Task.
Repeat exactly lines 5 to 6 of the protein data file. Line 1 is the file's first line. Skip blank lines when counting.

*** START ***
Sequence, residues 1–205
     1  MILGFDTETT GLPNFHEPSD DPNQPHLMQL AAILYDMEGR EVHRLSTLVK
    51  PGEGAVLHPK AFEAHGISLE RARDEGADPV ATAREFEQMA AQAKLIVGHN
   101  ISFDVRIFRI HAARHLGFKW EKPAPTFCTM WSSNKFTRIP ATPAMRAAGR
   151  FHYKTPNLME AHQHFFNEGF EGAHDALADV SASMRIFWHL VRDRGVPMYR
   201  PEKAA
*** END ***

   151  FHYKTPNLME AHQHFFNEGF EGAHDALADV SASMRIFWHL VRDRGVPMYR
   201  PEKAA